Validate the value to be a valid email address.

SENDER_EMAIL: Env.schema.string({ format: 'email' })


The schema.boolean method ensures the value is a valid boolean. Empty values fail the validation, and you must use the optional variant to allow empty values.

The string representations of 'true', '1', 'false', and '0' are cast to the boolean data type.

CACHE_VIEWS: Env.schema.boolean()
// Mark it as optional
CACHE_VIEWS: Env.schema.boolean.optional()


The schema.number method ensures the value is a valid number. The string representation of a number value is cast to the number data type.

PORT: Env.schema.number()
// Mark it as optional
PORT: Env.schema.number.optional()


The schema.enum method validates the environment variable against one of the pre-defined values. The enum options can be specified as an array of values or a TypeScript native enum type.

.enum(['development', 'production'] as const)
// Mark it as optional
.optional(['development', 'production'] as const)
// Using native enums
enum NODE_ENV {
development = 'development',
production = 'production'
NODE_ENV: Env.schema.enum(NODE_ENV)

Custom functions

Custom functions can perform validations not covered by the schema API.

The function receives the name of the environment variable as the first argument and the value as the second argument. It must return the final value post-validation.

PORT: (name, value) => {
if (!value) {
throw new Error('Value for PORT is required')
if (isNaN(Number(value))) {
throw new Error('Value for PORT must be a valid number')
return Number(value)

Defining environment variables

In development

The environment variables are defined inside the .env file during development. The env module looks for this file within the project's root and automatically parses it (if it exists).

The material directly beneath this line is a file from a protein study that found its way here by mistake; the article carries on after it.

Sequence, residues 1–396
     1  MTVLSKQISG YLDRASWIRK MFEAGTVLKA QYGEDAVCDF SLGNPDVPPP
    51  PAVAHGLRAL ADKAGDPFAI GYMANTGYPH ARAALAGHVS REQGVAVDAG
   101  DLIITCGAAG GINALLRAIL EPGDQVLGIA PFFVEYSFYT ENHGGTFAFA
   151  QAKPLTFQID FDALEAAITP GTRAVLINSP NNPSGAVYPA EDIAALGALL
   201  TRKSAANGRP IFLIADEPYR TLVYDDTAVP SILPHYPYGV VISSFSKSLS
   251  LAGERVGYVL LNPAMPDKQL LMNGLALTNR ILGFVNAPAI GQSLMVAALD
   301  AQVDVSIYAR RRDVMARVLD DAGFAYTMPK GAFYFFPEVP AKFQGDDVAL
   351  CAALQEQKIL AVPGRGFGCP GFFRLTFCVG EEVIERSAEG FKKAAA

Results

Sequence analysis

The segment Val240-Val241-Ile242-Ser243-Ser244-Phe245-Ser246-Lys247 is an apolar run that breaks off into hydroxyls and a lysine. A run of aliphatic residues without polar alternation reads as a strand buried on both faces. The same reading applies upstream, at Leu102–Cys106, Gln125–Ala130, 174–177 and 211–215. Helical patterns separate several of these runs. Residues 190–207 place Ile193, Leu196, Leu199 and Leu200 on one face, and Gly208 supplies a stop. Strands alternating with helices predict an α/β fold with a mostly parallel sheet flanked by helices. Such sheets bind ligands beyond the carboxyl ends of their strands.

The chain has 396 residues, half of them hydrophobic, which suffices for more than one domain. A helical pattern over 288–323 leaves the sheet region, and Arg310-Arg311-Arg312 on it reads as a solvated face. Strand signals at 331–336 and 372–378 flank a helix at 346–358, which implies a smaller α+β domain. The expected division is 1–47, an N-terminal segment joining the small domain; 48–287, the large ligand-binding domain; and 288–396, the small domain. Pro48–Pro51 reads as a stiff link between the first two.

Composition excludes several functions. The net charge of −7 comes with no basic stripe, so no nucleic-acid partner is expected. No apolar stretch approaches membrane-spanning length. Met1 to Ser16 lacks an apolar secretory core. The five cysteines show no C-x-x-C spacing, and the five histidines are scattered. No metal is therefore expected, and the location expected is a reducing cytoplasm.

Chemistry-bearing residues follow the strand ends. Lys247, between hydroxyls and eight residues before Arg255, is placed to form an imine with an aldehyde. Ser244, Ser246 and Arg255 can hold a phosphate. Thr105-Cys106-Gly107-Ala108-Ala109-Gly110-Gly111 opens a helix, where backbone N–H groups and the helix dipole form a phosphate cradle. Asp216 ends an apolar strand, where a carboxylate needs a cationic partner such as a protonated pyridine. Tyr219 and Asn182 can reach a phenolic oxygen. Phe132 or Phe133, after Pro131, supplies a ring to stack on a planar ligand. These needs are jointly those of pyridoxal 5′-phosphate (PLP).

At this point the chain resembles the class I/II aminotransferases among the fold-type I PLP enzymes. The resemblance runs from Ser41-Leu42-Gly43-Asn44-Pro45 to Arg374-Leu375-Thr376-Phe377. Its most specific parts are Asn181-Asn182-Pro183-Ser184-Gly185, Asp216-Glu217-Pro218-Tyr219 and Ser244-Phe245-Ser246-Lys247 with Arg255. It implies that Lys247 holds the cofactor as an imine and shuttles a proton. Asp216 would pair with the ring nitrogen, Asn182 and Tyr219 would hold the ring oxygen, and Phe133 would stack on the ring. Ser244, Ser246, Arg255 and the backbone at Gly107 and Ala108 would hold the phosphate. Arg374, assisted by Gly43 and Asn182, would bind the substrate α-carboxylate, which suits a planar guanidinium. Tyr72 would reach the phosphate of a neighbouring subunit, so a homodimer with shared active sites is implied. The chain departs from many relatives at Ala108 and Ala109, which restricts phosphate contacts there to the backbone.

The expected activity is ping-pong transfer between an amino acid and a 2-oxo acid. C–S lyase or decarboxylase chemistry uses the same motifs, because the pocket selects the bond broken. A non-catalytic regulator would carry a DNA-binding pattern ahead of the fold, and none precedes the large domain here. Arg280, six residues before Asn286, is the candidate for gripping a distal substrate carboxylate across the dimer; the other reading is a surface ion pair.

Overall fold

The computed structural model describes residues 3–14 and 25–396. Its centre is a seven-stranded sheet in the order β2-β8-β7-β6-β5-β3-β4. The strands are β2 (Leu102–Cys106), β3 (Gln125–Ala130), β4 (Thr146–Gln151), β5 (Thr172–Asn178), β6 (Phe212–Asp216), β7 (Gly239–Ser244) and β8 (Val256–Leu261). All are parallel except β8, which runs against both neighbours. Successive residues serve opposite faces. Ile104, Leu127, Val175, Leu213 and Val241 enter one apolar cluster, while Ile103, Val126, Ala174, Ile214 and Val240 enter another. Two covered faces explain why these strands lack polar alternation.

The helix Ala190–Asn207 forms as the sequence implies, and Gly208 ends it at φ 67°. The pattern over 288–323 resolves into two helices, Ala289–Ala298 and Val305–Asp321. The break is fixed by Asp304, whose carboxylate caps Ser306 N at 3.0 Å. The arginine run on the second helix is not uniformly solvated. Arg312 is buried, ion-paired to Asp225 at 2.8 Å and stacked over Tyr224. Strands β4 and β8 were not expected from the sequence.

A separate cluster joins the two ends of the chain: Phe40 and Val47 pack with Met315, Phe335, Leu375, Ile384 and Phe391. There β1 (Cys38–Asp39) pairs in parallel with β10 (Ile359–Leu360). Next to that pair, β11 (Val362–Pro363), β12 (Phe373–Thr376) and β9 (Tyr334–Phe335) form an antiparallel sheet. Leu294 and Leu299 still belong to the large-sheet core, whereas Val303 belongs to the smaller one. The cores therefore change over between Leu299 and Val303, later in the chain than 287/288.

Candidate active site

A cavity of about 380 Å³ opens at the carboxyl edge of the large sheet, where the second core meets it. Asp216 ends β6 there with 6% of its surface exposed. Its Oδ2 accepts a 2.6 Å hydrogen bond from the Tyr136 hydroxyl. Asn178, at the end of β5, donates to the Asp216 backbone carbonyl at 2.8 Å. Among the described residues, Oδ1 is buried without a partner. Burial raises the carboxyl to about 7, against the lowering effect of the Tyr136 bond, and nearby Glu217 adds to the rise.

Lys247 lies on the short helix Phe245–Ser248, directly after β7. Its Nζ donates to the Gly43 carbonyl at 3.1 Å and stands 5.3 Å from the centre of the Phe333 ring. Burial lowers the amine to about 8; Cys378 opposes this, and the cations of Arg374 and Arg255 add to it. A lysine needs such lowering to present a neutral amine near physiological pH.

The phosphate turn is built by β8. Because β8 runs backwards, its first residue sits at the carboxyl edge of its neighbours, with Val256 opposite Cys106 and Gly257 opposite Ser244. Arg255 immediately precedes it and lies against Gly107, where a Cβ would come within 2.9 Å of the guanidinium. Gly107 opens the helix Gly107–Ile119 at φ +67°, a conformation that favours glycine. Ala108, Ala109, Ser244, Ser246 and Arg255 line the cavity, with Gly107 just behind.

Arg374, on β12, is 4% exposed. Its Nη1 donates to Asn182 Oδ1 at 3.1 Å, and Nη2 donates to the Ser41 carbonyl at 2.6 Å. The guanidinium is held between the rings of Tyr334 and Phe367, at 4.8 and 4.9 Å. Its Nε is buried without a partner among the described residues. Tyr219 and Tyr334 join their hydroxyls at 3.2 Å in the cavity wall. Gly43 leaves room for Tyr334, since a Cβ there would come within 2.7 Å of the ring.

In production

Using your deployment platform to define the environment variables is recommended in production. Most modern-day deployment platforms have first-class support for defining environment variables from their web UI.

Suppose your deployment platform provides no means for defining environment variables. You can create a .env file in the project root or at some different location on your production server.

AdonisJS will automatically read the .env file from the project root. However, you must set the ENV_PATH variable when the .env file is stored at some different location.

# Attempts to read .env file from project root
node server.js
# Reads the .env file from the "/etc/secrets" directory
ENV_PATH=/etc/secrets node server.js

During tests

The environment variables specific to the test environment must be defined within the .env.test file. The values from this file override the values from the .env file.

// During tests
import env from '#start/env'
env.get('SESSION_DRIVER') // memory

All other dot-env files

Alongside the .env file, AdonisJS processes the environment variables from the following dot-env files. Therefore, you can optionally create these files (if needed).

The file with the top-most rank overrides the values from the bottom rank files.

Rank Filename Notes
1st .env.[NODE_ENV].local Loaded for the current NODE_ENV. For example, if the NODE_ENV is set to development, then the .env.development.local file will be loaded.
2nd .env.local Loaded in all the environments except the test and testing environments
3rd .env.[NODE_ENV] Loaded for the current NODE_ENV. For example, if the NODE_ENV is set to development, then the .env.development file will be loaded.
4th .env Loaded in all the environments. You should add this file to .gitignore when storing secrets inside it.

Using variables inside the dot-env files

Within dot-env files, you can reference other environment variables using the variable substitution syntax.

We compute the APP_URL from the HOST and the PORT properties in the following example.


All letter, numbers, and the underscore (_) after the $ sign are used to form a variable name. You must wrap the variable name inside curly braces {} if the name has special characters other than an underscore.


Escaping the $ sign

To use the $ sign as a value, you must escape it to prevent variable substitution.